I had no idea until last winter during my study period that unripe pumpkin is edible. The discovery and experimentation this summer is changed my plans. No more zucchini or summer squash. Unripe pumpkin tastes better than either zucchini or summer squash.
I usually just let my unripe pumpkins rot at the end of the year. Many of the really small pumpkins that do make it to the orange stage, end up rotting too because they aren’t fully developed. What a waste! Maybe you think like the gentleman at the local nursery that they are poisonous. I did not think that but what to do I had no idea. I discovered we’d been missing out big time.
Surprisingly the flavor of unripe pumpkin is not pumpkiny. It’s similar to zucchini or summer squash for after all that is what they are, unripe squash. Rouge De vif tampe pumpkins unripe had a more intense and complex flavor. The texture is similar to zucchini and summer squash but it cooked more quickly. That was great.
- I began to wonder why I was even growing summer squash or zucchini?
From summer or zucchini squash you can eat the:
- unripe fruit 2. the blossom
3.and the leaves (Younger plants are more tasty.)
- Now compare that with the types of squash with long term storage ability.
You can store the ripe fruit for months. No refrigeration required. You can eat the:
1. unripened fruit 2. the young vines and leaves
3. the seeds 4. mature fruit
5. the blossoms too.
The whole plant excluding the root and maybe that too, I don’t know. I think I’ll leave that section for the worms. I’m getting so much already.
It just makes sense to me to use my winter squash to it’s full potential and save the space I would have grown a summer variety for something else. No, I won’t have as many small pumpkins to work with like the summer variety but that’s okay. We have too many of those since my goats, chickens, rabbits, and sheep won’t eat them fresh or dried.
I dry extra to form a powder to add to taco shells and noodles when I make them. I add it to cream soups but seriously, I just can’t keep up. I chop up extras and feed them to the wildlife.
The pumpkin vines the beef will eat, some of the rabbits, and I’ve not tried the goats or sheep. I know the White-tail deer think they are a real treat along with the fruit. They can’t have the fruit but I throw the vines and leaves over that I trim back.
I’m drying some of my immature Rouge de vif tampe pumpkin and I will dry some mature fruit after it has been cooked. That’s later as the pumpkins are just now turning orange. I have two little pumpkins, the size I have been cooking unripe which are beginning to turn orange. I want to wait just a slight bit longer but before the skin begins to toughen. Then I’ll fry them up and see if the pumpkin flavor will come through. Wouldn’t it be great if it did. Sprinkle some cinnamon and sugar on them and call it a healthier dessert.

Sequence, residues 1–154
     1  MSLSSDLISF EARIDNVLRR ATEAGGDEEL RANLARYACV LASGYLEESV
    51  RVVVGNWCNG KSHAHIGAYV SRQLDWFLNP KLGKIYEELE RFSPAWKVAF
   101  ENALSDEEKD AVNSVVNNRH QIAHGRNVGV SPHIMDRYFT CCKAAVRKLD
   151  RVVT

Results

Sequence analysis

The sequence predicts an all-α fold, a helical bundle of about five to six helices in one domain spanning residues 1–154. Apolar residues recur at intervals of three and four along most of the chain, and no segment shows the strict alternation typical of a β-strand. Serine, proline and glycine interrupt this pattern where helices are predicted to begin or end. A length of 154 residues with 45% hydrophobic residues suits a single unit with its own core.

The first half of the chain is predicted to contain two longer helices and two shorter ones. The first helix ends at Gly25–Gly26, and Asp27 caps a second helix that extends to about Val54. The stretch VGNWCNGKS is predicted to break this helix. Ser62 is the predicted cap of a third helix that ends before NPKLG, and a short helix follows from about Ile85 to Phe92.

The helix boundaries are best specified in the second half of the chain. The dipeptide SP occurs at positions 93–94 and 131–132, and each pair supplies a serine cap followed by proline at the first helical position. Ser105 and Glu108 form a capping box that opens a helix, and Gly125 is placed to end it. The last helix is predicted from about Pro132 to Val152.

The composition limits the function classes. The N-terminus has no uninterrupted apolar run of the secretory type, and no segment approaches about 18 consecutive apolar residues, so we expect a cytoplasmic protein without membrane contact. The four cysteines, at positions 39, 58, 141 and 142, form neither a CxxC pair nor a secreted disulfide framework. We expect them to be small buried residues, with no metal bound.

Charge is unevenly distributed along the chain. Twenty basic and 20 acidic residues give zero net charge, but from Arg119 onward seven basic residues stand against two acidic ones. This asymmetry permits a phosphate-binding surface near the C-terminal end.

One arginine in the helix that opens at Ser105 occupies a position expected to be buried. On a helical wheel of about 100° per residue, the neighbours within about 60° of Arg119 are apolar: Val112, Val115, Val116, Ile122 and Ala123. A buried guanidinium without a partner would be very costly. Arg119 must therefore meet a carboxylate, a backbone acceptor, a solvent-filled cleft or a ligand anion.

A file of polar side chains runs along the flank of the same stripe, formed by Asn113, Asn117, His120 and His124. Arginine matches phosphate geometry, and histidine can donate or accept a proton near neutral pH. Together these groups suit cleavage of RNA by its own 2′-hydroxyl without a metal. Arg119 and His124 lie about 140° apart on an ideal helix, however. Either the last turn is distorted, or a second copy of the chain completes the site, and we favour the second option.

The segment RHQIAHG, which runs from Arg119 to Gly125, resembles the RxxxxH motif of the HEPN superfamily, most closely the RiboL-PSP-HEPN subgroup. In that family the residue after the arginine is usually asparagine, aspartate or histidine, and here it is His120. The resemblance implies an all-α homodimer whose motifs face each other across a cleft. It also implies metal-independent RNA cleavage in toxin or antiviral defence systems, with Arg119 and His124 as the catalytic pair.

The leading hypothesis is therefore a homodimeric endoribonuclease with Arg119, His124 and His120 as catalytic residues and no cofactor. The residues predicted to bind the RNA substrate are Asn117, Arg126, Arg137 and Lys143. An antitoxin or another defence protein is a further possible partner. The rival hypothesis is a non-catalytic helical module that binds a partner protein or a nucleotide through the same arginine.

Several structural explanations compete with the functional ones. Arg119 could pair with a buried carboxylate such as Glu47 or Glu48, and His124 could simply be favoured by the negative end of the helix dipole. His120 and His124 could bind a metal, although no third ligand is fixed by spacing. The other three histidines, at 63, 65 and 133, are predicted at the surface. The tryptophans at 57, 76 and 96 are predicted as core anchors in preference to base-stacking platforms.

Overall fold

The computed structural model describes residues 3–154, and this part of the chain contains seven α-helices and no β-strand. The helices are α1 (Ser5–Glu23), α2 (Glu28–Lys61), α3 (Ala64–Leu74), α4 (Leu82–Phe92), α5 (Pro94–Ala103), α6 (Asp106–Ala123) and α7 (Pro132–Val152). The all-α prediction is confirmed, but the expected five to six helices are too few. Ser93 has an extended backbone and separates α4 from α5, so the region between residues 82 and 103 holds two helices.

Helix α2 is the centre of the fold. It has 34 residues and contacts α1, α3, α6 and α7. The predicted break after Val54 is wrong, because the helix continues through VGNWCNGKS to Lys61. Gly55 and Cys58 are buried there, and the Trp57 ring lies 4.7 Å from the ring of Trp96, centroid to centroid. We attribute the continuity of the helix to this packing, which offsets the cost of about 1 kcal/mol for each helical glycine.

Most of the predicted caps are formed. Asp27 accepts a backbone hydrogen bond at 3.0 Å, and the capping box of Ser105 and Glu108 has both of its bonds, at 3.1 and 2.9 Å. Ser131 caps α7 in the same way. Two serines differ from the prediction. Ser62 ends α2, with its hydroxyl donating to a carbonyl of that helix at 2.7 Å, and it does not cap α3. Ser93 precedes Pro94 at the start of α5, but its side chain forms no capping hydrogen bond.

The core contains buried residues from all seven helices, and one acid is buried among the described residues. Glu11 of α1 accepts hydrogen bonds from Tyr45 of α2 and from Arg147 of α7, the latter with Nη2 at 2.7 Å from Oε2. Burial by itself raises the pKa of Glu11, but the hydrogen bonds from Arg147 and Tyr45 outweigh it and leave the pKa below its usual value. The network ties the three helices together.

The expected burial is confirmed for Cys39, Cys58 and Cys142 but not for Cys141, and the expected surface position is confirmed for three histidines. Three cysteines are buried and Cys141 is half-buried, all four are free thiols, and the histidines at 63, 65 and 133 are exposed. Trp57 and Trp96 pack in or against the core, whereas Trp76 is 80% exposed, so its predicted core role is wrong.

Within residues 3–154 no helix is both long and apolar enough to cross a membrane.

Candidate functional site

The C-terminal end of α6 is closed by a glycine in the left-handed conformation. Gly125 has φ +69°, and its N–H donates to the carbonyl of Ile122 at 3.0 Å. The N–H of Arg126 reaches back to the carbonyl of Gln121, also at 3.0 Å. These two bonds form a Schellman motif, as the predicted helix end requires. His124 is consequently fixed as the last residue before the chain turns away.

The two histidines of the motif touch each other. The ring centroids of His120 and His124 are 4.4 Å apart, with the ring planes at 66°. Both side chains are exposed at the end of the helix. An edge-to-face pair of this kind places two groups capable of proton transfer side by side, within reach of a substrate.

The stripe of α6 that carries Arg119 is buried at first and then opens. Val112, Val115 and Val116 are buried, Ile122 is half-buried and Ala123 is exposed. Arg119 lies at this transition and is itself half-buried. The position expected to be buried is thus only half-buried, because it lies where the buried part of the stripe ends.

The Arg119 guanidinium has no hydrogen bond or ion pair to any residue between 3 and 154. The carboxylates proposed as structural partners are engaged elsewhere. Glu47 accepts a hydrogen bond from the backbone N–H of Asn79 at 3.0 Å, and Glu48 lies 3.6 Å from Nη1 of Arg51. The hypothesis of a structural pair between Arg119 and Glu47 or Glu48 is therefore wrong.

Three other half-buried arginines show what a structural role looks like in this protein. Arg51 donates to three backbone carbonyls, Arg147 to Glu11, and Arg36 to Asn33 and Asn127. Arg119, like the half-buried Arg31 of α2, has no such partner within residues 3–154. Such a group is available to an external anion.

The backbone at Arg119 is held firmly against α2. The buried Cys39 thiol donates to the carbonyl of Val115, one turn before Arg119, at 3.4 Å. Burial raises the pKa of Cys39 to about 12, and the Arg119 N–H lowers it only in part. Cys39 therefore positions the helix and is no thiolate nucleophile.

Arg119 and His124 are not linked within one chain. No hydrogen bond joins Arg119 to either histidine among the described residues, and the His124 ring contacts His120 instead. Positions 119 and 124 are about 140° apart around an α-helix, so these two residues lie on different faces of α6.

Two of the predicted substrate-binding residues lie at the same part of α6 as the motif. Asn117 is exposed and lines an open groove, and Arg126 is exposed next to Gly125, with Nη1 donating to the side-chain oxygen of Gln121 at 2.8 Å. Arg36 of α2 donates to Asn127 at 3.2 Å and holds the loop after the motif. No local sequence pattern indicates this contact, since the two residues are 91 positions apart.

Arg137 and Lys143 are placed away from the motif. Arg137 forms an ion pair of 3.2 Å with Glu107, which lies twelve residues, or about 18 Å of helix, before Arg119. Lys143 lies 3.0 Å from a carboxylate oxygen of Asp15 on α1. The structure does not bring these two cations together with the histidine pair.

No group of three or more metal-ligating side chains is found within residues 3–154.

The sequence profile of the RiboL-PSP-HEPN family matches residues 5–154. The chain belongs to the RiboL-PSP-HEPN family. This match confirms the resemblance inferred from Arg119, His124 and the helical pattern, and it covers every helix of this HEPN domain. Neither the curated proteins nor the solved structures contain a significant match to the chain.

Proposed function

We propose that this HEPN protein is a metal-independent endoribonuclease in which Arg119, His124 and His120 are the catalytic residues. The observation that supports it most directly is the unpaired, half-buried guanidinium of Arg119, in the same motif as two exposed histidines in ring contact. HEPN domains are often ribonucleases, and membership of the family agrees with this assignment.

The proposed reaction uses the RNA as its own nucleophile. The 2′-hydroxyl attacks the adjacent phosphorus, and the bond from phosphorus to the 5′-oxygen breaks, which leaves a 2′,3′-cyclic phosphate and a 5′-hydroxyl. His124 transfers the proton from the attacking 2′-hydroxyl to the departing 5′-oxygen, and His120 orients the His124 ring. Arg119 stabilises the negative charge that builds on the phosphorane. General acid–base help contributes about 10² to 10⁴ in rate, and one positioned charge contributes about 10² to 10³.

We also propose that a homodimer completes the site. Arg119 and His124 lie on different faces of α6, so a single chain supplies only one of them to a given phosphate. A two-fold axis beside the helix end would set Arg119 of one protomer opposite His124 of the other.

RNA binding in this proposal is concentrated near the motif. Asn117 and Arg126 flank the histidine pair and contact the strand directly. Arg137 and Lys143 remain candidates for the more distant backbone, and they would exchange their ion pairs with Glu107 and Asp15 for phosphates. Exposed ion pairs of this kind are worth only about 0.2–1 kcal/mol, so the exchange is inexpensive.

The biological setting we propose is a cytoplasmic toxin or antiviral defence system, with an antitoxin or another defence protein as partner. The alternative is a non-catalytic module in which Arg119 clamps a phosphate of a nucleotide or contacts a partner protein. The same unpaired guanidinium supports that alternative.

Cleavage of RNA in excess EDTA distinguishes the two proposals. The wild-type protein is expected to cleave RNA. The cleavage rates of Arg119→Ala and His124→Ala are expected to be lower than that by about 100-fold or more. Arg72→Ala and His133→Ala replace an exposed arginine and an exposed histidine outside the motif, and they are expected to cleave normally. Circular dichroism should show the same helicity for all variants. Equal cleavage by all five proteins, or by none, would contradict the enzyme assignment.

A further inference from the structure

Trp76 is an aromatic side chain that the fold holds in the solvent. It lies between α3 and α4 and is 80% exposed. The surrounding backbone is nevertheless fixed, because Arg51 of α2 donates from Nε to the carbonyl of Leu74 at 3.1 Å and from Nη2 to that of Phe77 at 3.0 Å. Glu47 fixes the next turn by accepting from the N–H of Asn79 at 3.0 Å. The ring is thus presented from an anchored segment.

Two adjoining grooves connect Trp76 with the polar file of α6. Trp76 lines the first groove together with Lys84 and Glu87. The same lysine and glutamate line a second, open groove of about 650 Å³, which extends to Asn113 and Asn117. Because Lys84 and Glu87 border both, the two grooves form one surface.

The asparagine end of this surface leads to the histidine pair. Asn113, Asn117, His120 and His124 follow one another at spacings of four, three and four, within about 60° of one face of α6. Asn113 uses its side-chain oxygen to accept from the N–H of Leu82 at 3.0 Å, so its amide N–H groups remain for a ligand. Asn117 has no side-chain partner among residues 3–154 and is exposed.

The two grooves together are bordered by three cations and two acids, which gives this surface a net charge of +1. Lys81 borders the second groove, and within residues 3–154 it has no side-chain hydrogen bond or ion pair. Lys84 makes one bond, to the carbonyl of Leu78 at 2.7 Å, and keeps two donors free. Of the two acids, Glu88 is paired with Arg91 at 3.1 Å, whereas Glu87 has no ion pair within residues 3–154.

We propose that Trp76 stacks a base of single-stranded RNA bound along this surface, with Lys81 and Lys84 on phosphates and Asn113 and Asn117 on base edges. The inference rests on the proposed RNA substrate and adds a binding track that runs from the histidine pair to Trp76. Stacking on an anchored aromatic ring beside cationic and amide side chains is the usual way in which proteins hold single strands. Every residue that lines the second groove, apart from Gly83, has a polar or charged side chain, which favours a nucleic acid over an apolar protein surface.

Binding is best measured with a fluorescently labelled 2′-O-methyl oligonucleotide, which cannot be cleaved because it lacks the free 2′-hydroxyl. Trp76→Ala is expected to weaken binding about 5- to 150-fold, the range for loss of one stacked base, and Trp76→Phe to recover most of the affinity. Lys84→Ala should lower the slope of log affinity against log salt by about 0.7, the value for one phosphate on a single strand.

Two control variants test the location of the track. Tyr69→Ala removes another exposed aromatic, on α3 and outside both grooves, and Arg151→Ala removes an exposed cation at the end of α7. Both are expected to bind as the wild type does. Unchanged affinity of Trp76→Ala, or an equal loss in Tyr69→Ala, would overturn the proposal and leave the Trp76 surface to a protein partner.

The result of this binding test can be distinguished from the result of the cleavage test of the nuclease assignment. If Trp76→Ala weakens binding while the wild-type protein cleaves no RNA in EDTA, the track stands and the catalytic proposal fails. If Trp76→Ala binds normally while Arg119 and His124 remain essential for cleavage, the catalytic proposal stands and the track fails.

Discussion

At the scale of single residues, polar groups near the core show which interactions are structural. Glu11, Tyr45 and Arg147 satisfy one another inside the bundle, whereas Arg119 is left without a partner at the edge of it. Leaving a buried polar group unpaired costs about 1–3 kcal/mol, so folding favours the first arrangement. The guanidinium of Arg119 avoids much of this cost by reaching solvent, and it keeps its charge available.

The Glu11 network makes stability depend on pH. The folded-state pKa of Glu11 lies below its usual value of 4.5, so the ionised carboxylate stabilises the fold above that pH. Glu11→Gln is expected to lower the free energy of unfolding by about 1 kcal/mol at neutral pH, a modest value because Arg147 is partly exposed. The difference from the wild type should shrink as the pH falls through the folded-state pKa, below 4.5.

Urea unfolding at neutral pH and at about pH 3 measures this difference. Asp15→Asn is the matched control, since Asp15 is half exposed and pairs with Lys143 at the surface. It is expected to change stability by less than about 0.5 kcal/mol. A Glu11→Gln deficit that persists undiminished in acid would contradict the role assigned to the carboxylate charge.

Rouge vif d’tampe is on the left and New England Sugar Pie on the right.
For those of you who haven’t grown Rouge vif d’tampe, it is moisture and sweeter than New England Sugar Pie, which has the Thanksgiving earthy pumpkin pie flavor. This year I am finally going to make pumpkin fudge. This is the pumpkin I have in mind for the experiment. Is it yummy? I’ve never even tasted it. If the recipe calls for Marshmallow Creme you can be sure I’ll be making my own. I have the most divine recipe. But that’s later too.
Next year I am going to grow New England Sugar Pie and Buttercup squash. As you can see below I can’t grow the Rouge type with Buttercup or they cross pollinate. Though I know how to hand pollinate the flowers and keep them from cross pollinating why do so? It’s less work to just grow them different seasons and save seed.
Rouge de vif tampe – C. Maxima
Buttercup – C. Maxima
New England Sugar Pie – C. Moschata
Zucchini and Summer Squash – C. Pepo
One of these years I need to learn about using the young pumpkin vines and leaves in meals but this year we are good with just tasting them raw. Not grassy but not real flavorful. Would be okay combined with other stronger flavored foods. Maybe next year. I have so many other experiments going right now.
This year I will try some blossoms fried. Did you know you can freeze, can, and pickle them too? I’ve got so… much to learn.
I have the biggest pumpkins I’ve ever grown this year and the others are no slackers. It was a very cool summer too. How did that happen? Not the weather but the huge size. I’ll save that for another post. But I’ll admit right now it wasn’t on purpose but when it happened it was an “Aw haw!” moment because it made perfect sense.
If the feature picture looked extra yummy then heat your fry pan with a little olive oil in the bottom. When hot, add quarter inch slices of unripe pumpkin or do like I did, kind of quarter inch sized. Cook and when you flip to cook the other side, sprinkle with garlic salt, and crumble on some dried basil (I grow and dry my own), and I added some dried Calundela flowers. They add such a bright sunny look along with a bit nutrition though they don’t add flavor. Super simple. We had these with beef steak.
Let me know, what do you do with your squash family?
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